Crafting together for a better community
Girls on craft founders Flo and Cami became friends just over a year ago when they attended a punch needle workshop together, and since then they have added embroidery, macramé and origami to this growing, talented friendship.
Flo is originally from the French Alps and has always been involved in crafts, as a young girl she was taught embroidery and as an adult she saw crafts like punch needle and origami as a way to relax. Cami is a fashion designer and originally comes from Italy. She has an adorable little girl who inspired her along with her love of crafts to start her own kids clothing line which she hopes to expand into an adult clothing line in the future.
The Girls on Craft (www.facebook.com/girlsoncraft) workshops are held in a stunning apartment in the middle of Thao Dien, with a large open plan living room, crafters have a great view of the Saigon River while they work on their designs.
For the punch needle workshop, each crafter receives punch needle tools, which are difficult to find in Vietnam, that they can take home afterwards. “We have to order the punch needle tools on Amazon, get them delivered to the UK and then we have someone who will bring them to Saigon for us,” says Flo.
The lesson begins with crafters picking out their designs. Flo and Cami provide simple sketches of avocados, strawberries and lollipops or crafters can use designs they have found online. Next is choosing the yarn. Placed on the table is a large bowl of yarn with a large assortment of colors, their yarn is sourced locally in District 5. By catering to only six to eight people at a time, the workshops are small meaning Flo and Cami can spend time with each person.
Everyone then begins to sketch their designs onto the material they will be punch needling. This is where crafters have to decide if they want their designs to be fluffy—by punch needling on both sides it can create a 3D effect—which can make shapes or text pop. This requires sketching the part of the design that will be fluffy on to the back of the material, however, lettering can be tricky to get right because if they are too close together they can merge and become nonsensical.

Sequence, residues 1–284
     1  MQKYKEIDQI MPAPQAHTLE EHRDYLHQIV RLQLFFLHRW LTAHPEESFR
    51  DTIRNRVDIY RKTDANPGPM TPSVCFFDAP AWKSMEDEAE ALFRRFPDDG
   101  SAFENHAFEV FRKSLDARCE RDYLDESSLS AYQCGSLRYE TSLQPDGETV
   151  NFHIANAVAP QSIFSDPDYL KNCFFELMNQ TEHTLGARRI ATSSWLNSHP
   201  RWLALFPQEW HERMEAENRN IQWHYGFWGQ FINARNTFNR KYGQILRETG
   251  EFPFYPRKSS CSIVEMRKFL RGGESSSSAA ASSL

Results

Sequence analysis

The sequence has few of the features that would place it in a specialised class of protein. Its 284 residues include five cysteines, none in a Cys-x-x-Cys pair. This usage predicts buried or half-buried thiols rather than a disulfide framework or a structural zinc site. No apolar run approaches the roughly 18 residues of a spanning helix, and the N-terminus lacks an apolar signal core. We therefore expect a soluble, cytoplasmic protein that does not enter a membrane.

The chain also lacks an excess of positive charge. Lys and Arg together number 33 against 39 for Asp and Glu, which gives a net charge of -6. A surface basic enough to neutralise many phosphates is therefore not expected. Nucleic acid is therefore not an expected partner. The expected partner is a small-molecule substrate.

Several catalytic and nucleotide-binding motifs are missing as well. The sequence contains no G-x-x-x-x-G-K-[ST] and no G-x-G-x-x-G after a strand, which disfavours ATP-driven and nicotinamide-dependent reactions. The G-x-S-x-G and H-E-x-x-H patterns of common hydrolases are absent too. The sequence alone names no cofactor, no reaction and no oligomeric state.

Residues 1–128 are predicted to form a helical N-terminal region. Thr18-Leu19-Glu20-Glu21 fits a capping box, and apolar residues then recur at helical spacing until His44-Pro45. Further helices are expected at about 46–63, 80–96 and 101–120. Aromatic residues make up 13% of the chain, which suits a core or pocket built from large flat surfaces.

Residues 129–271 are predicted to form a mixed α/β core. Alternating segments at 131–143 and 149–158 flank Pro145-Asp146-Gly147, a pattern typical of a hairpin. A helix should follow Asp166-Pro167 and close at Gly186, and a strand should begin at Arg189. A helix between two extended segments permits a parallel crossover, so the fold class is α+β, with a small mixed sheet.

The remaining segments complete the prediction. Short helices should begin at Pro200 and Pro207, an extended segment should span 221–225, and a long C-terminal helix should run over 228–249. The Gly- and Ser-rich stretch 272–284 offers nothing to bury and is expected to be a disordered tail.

Cami and Flo show the crafters how to thread the yarn on to the punch needle tool and how to start the designs. Actually, working with the punch needle tool can be tricky at first especially when the freshly punched yarn comes loose but Flo and Cami were great at helping everyone get the technique right and it becomes very easy to find a rhythm. The trick is to punch the needle all the way through and twist it a little before pulling it out again.
Throughout the workshop Flo and Cami check in with everyone, helping them to rethread their yarn, start a new section of their design or correct a mistake. Cami explains that punch needling is quicker and easier to do than embroidery because you don’t need to thread the material through every hole, in punch needle you can thread it through every other hole.
After the three hours, and with Flo and Cami’s encouragement and guidance, the crafters are pleased with the final results. Flo and Cami are extremely happy with how the workshops are going and they have had a huge amount of interest so far, including a group of students at the weekend, Cami explains why crafts like punch needling are important for young people, “We feel it is a great way for kids to get off their phones, do something with their hands and be creative.” In the future, Flo and Cami would like to partner with fashion brands to customize accessories, handbags and clothes.